A new study has launched jointly run by University of Warwick, University Hospitals Coventry and Warwickshire (UHCW) NHS Trust, and the Royal Orthopaedic Hospital (ROH) in Birmingham on the effectiveness of robotic hip replacement surgery.
Through £1 million in funding from the National Institute for Health and Care Research the study hopes to determine whether use of robots in hip surgery results in better outcomes for patients.
The RACER-Hip Study has an aim to give new insight into the value of robotic assisted surgery in the NHS. The study is being led by two surgeons, Mr Peter Wall, from the Royal Orthopaedic Hospital Birmingham and Warwick Clinical Trials Unit at the University of Warwick, and Professor Ed Davis, from the Royal Orthopaedic Hospital Birmingham.
Mr Wall said: “The RACER-Hip study is a significant investment by the NHS to examine the effectiveness of robotic hip replacement surgery. Robotic technology has the potential to revolutionise hip replacement surgery, however the first step to this is understanding whether it can help enhance the care surgeons provide. We are really excited that some centres such as Northumbria Healthcare NHS Foundation Trust have been provided with a robot specifically to take part in this research.”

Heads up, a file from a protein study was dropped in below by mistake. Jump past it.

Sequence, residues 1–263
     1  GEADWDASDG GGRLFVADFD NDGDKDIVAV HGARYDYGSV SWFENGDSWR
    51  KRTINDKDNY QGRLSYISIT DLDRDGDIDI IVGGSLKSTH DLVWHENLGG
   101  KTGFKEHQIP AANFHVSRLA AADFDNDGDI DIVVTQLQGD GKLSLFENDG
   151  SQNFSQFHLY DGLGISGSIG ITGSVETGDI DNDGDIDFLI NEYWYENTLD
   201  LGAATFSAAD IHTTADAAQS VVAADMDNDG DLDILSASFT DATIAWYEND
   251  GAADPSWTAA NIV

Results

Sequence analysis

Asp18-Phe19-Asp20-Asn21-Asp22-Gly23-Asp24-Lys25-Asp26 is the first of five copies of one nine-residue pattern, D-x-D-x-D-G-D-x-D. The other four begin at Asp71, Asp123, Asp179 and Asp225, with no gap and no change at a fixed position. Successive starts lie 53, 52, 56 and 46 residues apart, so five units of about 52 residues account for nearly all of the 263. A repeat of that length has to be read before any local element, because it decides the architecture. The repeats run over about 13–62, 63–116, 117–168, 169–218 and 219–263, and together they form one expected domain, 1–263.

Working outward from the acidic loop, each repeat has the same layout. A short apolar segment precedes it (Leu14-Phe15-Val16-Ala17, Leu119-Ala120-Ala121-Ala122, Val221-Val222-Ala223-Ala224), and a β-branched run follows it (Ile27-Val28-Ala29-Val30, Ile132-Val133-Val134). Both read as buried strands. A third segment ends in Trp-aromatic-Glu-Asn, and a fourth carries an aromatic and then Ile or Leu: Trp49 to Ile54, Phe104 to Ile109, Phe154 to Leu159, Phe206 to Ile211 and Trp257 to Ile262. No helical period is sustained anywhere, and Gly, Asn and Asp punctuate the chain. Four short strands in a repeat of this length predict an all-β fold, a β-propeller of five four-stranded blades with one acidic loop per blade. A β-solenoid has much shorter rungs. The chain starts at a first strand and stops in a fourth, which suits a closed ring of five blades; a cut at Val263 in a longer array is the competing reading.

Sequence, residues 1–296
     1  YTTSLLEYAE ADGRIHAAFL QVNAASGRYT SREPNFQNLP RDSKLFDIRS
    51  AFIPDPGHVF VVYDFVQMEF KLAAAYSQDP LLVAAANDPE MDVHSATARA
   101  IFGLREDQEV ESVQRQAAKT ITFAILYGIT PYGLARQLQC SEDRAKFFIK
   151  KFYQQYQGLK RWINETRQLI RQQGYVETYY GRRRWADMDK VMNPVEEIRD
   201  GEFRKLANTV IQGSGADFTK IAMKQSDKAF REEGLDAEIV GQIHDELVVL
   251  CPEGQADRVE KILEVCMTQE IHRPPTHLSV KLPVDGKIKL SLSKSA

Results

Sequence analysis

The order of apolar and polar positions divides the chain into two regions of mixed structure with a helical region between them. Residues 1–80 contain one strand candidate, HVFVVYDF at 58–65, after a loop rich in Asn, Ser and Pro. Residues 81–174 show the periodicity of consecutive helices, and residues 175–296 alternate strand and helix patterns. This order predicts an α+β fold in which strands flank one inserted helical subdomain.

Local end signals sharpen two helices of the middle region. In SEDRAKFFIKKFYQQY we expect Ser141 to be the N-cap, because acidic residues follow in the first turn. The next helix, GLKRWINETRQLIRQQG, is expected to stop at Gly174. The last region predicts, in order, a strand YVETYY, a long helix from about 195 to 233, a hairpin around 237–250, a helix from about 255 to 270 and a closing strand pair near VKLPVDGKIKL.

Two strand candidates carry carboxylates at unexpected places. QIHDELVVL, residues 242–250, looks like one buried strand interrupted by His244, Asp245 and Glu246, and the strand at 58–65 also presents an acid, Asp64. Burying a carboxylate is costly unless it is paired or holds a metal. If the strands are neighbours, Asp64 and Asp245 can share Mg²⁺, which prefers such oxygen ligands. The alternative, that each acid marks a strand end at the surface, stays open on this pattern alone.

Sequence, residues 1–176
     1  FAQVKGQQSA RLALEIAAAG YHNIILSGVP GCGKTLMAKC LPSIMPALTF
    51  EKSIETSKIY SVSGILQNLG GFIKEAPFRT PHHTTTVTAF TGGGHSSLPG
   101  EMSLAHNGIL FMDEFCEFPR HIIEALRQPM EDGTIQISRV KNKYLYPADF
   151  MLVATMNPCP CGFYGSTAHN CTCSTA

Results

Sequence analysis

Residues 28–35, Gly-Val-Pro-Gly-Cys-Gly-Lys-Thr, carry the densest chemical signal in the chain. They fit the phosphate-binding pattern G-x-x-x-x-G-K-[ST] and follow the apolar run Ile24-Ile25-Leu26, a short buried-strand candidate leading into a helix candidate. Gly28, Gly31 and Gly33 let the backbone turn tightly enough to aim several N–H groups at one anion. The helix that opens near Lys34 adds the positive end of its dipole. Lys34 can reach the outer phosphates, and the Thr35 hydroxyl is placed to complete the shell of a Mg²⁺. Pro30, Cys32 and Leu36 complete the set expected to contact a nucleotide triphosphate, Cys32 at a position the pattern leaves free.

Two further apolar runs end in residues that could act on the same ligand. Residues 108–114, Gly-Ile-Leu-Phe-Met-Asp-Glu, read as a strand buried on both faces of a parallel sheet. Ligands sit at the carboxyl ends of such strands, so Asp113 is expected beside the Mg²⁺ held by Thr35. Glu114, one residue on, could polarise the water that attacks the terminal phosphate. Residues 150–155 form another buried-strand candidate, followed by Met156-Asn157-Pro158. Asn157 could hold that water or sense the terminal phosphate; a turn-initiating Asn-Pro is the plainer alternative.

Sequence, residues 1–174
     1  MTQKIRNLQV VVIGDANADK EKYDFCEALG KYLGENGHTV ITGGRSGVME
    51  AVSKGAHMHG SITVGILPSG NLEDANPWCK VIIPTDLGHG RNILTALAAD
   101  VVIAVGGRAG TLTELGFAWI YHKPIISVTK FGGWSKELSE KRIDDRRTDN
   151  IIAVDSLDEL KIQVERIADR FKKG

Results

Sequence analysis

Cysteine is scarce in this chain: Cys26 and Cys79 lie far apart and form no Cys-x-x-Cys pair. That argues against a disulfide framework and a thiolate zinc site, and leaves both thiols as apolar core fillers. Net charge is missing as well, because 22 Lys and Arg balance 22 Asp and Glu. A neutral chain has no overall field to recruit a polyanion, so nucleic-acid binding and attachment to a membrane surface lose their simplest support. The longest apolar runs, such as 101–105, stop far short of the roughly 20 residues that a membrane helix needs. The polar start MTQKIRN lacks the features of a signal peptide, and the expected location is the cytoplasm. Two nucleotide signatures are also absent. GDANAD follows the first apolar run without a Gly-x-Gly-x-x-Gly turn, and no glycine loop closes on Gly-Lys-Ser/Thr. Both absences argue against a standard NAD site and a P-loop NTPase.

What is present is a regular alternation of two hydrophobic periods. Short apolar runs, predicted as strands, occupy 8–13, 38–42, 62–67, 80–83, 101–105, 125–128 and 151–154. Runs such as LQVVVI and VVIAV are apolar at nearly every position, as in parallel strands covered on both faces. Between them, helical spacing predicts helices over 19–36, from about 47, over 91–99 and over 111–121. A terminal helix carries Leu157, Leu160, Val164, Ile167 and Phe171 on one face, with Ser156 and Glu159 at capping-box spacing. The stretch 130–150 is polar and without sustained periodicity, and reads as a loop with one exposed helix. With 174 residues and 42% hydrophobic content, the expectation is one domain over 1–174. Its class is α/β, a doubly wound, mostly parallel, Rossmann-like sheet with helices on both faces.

Professor Davis added: “The research will help orthopaedic surgeons across the world to better understand the most effective tools for performing hip replacement surgery and ensure the very best outcomes for their patients. This study will also include an in-depth health economic analysis to inform the NHS if this technology should be widely adopted.”
Through a randomised study, each treatment group will be evaluated after surgery to understand their ability to complete activities and their quality of life.
At least six NHS trusts will be involved. The first site has opened at the Royal Orthopaedic Hospital, while the Northumbria Healthcare NHS Foundation Trust has just taken delivery of one of the robots for the trial, said to be the first time this service will be available within the NHS for hip operations in the Northeast of England. The manufacturer of the robot, Stryker, will be supporting the study costs to ensure hospitals do not have to pay extra to take part.